Tooth decay - drilling down to the nanoscale
In a development that could play a role in oral health hygiene and caries prevention, researchers from Sydney University believe they have identified some of the nanoscale elements that play a part in the way teeth behave.
Specifically the way in which the decay process is affected by the structure and composition of teeth at the atomic level.
This was achieved using a relatively new microscopy technique called atom probe tomography, which produced the first-ever three-dimensional maps showing the positions of atoms critical in the decay process.
It's a major advancement in our understanding of teeth and the manner in which certain trace ions are important in the tough structure of tooth enamel says Professor Julie Cairney, Material and Structures Engineer in the Faculty of Engineering and Information Technologies:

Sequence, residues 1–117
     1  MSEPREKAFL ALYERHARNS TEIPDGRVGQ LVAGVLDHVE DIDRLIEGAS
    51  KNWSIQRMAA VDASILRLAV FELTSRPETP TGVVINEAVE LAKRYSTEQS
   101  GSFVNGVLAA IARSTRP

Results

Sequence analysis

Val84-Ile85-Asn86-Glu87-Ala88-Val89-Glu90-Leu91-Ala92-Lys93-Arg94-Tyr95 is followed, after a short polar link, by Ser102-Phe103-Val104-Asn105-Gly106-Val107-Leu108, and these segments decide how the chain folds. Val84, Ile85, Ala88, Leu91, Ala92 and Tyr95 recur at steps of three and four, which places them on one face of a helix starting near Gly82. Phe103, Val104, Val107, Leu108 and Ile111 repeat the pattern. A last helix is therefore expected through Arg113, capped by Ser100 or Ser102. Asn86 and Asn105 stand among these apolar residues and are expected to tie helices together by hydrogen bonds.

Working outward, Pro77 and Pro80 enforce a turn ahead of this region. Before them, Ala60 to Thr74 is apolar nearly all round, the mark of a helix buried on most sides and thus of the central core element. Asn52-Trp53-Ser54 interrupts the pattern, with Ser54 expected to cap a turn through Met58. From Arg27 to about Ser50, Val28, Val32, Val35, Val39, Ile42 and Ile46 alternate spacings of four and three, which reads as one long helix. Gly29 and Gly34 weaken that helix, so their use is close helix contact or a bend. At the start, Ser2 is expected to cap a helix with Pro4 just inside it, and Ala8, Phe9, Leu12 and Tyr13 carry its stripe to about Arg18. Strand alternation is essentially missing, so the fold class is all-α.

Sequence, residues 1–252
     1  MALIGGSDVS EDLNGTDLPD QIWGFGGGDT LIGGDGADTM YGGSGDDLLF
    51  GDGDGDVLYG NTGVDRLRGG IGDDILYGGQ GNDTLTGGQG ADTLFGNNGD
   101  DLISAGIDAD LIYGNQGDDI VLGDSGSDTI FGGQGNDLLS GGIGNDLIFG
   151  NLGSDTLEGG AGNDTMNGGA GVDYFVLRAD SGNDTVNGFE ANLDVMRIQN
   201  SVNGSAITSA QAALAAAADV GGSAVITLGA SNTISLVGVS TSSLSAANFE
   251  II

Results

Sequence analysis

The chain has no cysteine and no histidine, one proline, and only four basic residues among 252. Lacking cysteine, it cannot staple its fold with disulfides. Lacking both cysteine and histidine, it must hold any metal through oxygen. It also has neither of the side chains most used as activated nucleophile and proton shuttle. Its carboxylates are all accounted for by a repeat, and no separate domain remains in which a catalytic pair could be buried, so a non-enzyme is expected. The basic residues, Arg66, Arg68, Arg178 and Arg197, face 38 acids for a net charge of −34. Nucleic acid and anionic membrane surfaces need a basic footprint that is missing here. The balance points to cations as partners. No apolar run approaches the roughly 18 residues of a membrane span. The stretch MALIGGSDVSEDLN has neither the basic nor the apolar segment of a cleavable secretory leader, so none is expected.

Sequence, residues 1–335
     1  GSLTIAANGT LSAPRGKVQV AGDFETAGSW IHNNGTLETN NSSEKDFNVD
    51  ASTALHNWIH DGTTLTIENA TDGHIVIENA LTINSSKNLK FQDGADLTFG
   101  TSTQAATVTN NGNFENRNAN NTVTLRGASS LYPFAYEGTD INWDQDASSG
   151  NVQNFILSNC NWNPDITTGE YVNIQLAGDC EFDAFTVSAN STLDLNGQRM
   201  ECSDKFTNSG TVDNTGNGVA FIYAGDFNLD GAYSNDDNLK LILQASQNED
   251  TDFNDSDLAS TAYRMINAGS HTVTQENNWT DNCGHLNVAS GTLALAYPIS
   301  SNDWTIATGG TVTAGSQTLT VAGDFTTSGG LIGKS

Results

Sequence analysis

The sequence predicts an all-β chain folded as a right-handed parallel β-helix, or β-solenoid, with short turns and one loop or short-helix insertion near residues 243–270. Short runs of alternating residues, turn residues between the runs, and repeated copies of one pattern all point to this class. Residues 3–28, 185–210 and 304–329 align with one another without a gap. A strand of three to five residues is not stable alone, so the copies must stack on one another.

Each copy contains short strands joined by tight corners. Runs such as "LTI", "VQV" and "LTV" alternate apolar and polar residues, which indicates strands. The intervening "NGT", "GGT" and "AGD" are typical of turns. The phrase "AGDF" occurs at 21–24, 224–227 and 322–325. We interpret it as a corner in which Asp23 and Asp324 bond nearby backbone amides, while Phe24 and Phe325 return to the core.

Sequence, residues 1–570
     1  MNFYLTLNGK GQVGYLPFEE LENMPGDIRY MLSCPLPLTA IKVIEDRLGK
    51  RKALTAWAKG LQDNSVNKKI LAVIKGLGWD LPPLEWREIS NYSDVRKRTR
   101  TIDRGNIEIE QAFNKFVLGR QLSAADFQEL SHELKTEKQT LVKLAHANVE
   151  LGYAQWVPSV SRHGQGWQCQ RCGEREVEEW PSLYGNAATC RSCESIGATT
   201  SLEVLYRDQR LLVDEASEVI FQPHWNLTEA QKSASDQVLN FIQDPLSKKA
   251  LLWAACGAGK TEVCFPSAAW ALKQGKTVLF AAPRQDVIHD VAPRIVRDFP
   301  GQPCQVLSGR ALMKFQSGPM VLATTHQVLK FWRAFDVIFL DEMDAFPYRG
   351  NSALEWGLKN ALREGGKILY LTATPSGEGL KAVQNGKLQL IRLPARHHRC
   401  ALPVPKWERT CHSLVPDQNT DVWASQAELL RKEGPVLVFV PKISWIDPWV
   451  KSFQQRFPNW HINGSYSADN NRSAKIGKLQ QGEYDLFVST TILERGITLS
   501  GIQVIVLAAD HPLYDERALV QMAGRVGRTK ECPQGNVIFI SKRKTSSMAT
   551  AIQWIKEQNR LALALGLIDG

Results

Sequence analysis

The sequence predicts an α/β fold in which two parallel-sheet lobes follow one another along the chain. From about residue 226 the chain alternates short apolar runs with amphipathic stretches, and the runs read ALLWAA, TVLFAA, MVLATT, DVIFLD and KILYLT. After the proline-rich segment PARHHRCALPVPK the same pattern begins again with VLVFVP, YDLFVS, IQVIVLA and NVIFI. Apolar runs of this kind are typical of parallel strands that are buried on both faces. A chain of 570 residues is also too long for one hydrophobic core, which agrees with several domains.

"The structure of human tooth enamel is extremely intricate and while we have known that magnesium, carbonate and fluoride ions influence enamel properties scientists have never been able to capture its structure at a high enough resolution or definition.
"This means we have the first direct evidence of the existence of a proposed amorphous magnesium-rich calcium phosphate phase that plays an essential role in governing the behaviour of teeth."